For example, say your receptionist, Debbie, comes in complaining about how her husband mistreated her. As you listen, think, "What's Debbie committed to that's being threatened?" Then you might respond, "Debbie, I hear that you're upset about the way Bill treated you. I also hear beneath it all how much you love him and how much it hurts when he doesn't appear to return that love." Remember, you don't need to solve the issue at this point. Just listen.

Move from complaint to action

When people feel fully heard, their feelings of frustration or anger evaporate—at least enough that they can move on with their day. Of course, sometimes team members face more complicated ongoing issues. In these tough situations, you can use the coaching process to turn complaints into committed action.

Create a climate of coaching

Developing a climate where you and your staff are not only familiar with coaching, but are open to it can be valuable when dealing with personal problems. In other words, people in your practice know they're not stuck treading water when they face persistent issues in their lives. They realize there's a way to gain insight into how to resolve such issues.

The first step is to ask for permission to coach the other person. "Debbie, I hear you've got quite a challenge going on with Bill. I would like to help any way I can. Are you open to some coaching on this matter?"

If she replies with a tentative yes, confirm that she's actually requesting coaching and is open to it. Otherwise your wisest wisdom will fall on deaf ears. If she says no, then simply let her know you're available if she changes her mind.

If she gives you a solid yes, the next step is to see whether she is prepared to move from complaining about the situation to taking action. "Great, Debbie. And if in this conversation we identify some specific actions you can take to help resolve the issue, are you willing to take them?"

Then help the person create a mini-gap. In other words, help her identify what the situation is currently, and what life will be like when the issue is resolved. The actions that bring the future into reality are in that gap between the current situation and the future outcome. An exploratory question such as, "If an objective third party observed this situation, how might he or she describe it?" helps the person evaluate the current situation. You could also ask, "What would you like your relationship with your husband to be like?" to help her see new possibilities. Invite her to take responsibility for her life. Help her explore actions she could take to move from the current situation to a time when the issue has been resolved, "What action could you take to move toward such a relationship?"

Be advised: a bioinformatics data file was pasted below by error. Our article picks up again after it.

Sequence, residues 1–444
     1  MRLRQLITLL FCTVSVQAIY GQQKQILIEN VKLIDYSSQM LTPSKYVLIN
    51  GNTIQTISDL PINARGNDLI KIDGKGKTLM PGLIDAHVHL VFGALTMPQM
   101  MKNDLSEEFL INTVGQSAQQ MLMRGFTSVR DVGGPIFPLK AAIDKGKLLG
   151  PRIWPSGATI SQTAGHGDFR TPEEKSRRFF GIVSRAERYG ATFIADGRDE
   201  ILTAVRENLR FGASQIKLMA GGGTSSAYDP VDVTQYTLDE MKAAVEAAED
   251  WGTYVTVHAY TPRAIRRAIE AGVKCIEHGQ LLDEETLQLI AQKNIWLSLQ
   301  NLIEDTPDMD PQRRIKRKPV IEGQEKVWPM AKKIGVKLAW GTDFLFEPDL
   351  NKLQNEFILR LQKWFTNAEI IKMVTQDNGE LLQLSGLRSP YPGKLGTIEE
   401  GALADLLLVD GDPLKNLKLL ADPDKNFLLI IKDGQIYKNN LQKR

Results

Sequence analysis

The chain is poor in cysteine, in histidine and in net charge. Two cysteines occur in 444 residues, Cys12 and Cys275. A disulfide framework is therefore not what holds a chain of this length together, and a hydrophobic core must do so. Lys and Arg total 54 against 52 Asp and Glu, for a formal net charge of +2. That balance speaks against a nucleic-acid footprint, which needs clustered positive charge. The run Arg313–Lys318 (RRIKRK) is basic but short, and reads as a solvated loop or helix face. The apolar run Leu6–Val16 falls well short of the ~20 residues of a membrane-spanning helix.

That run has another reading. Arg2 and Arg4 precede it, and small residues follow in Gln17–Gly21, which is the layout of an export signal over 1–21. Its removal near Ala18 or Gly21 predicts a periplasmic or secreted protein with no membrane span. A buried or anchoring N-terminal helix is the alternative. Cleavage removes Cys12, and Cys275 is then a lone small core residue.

Provide support and assistance

The challenge isn't that staff members have personal problems, or that they bring them to work. Instead, the problem is that staff members don't know where to turn for help. Large companies may provide employee-assistance programs, but small businesses and practices seldom do. However, those veterinary practices that offer assistance may be more attractive places to work and may attract high-caliber applicants. Although in the past, such assistance was mostly limited to psychotherapists or counselors, today life coaching is a viable third option. And for many of the routine challenges life presents, coaching may be a better fit.

W. Bradford Swift, DVM

Editors' note:To help your team manage personal problems better, encourage them to review the March/April issue of Firstline. To share your thoughts about this article online, visit www.VetMedTeam.com W. Bradford Swift, DVM, is the founder of the Life on Purpose Institute and empowers professionals to live true to their life purpose through his writing, speaking, and coaching. Please send your questions or comments to ve@advanstar.com.